One of those posts with amusement ;
My father lives in Thailand, has done so for several years now. He came over for his once a year visit and whilst over, visited my sister in Hastings. So, my wife and I visited, and spent a few days by the seaside.
On one of those walks along the sea-front, the Crazy Golf loomed, and in Hastings, there are several versions. We opted for the original, and duly paid for 4 entries to this 18 hole challenge.
My father, sister, wife and myself, then found ourselves eyeing each up on the first tee. It was a moment where you wonder 'why have I done this...' and another where the image of 'this will be easy' suddenly starts to melt. Too much could go wrong... but the challenge is issued and you all have THE club in your hand.
The first hole, and noble acceptance of the pencil and scorecard meant I was able to hide myself away from going first. However, my father failed to realise this, and was suddenly upon the mat, ball at his feet. And so the match begun.. stroke play. No words had decided whether match play was even in contention, and those used to Crazy Golf understood it was always played stroke! We had begun...
That hole was the first of, 'you go next - you're nearest' and the other comments of 'is that my 5th?' all through the 18. The tricky designs of raised slopes, hazards and hitting the right approach all leant themselves to some nifty shots seen and some grinning faces. After the first few holes, my competitive edge relaxed. I had beaten the main worrying rivals, namely the women, by several shots. That cause of concern was gone, and any comments that could have been tricky were put to rest. However, the obstacle of my father remained.
After 6 holes, I was in a good place. The most taken were 3 shots, and I had duly completed the first hole in one out of the four of us. The scores, whilst not tallied, were ensuring I was leading and with the ideal setup of continuing every hole with 'your first Dad', I was enjoying being shown the best directional approach. It seemed I was going to enjoy a relatively easy victory over a man that used to toy with me in competitive games as a child. Now at 48 yrs, I was becoming triumphant and smug, toward a man in his eighties at the seaside.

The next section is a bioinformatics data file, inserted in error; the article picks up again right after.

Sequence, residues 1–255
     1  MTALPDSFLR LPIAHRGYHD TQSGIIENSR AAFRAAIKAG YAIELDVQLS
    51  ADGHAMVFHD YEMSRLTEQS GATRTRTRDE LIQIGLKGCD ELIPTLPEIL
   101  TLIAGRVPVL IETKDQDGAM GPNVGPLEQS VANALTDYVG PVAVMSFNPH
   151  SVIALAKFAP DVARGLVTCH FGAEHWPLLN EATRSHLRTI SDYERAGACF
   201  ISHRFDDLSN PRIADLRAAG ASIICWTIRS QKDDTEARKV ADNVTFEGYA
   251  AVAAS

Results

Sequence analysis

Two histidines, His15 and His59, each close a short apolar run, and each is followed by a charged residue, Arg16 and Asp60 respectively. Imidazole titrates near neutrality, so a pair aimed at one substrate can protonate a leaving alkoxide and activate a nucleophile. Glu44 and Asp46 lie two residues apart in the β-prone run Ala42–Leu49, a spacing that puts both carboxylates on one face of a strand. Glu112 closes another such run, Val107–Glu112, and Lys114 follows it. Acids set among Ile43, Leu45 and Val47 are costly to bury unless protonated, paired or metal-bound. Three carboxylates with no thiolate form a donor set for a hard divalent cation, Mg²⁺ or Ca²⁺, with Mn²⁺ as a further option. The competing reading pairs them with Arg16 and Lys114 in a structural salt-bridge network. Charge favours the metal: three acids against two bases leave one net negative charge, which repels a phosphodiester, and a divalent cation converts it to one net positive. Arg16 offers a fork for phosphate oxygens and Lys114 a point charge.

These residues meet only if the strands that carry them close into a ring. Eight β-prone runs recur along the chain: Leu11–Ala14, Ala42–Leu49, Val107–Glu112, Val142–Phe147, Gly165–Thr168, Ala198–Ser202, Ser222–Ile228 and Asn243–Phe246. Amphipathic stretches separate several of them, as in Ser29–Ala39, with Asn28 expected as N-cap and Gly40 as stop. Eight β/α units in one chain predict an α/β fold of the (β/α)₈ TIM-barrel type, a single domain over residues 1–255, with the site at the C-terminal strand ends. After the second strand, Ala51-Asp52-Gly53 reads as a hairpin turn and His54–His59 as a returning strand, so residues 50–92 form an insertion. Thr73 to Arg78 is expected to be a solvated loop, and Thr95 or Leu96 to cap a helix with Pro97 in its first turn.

Don't forget the attire... we're talking dress sense of the highest calibre. A man who has lived in Thailand where the temperature doesn't drop below 20 degrees and has the complete catalogue of every colour rainbows aspire to. The variation in short lengths match the hue and ambience of those colours, but today we were treated to the knee length variety and the footwear was second to none. Without a doubt, the sandalls worn could not have been found in any shop outlet within Europe. Such were the features and design of the sandall, the toes themselves were amused and weren't sure of the direction they were supposed to rest. The spectacle was exactly that... my old man. I had everything I could possibly want... the man was in my grasp.
If Chubby Brown had walked past, he would not have made as much impact. So, as we continued the game, the other seasiders were amused by the antics and friendly jibes we had through the remaining holes. Even the old tales resurfaced too, in some of those moments where the father attempts to embarrass the son, with stories of yesteryear and pre-80's clothing. Each memory dramatised a little more than last heard and told louder for others to enjoy.
The last few holes played out, and granted, things had not gone as simply as I had hoped. By the last hole, we had all enjoyed a hole in one. Such triumphs celebrated differently, as another player saw his ball wander off the hole and attempt to begin the next. The jibes continued, the mood still high, but my scores were now troubling me.
That final 19th, where you attempt to win another round by achieving the impossible...we all failed.
That lead us to sit by the nearest wooden bench and await my tallying of the 1's, 2's, 3's and are you sure's... My father scored a nifty 50... my sister hit the 64, with my wife happy to see a 62 and not be last. However, I was having problems counting my score... it seemed to go as high as 55. I recounted and the look on my face showed my father all he needed. Beaten again, by 5 shots, he then duly begins announcing his age to anyone who would listen. 82... 82 he told them and with my eyesight too... his ability to tell a story over all these years has never left him. However, like his stories... before we left the seaside that day, he had gained a 6 shot win... This was back in May, and I dread to think what the locals in Thailand believe the scores were now..
Suffice to say, I had to inform him of the only come back I could - in allowing him to win. It didn't wash obviously. He knew, and had the audacity to throw the comments back at me.. 'he allowed me to win did he.. like he allowed me to go first on every hole too'...
It wasn't the course that beat me that day... it was my 82yr old father.... bless ya Dad..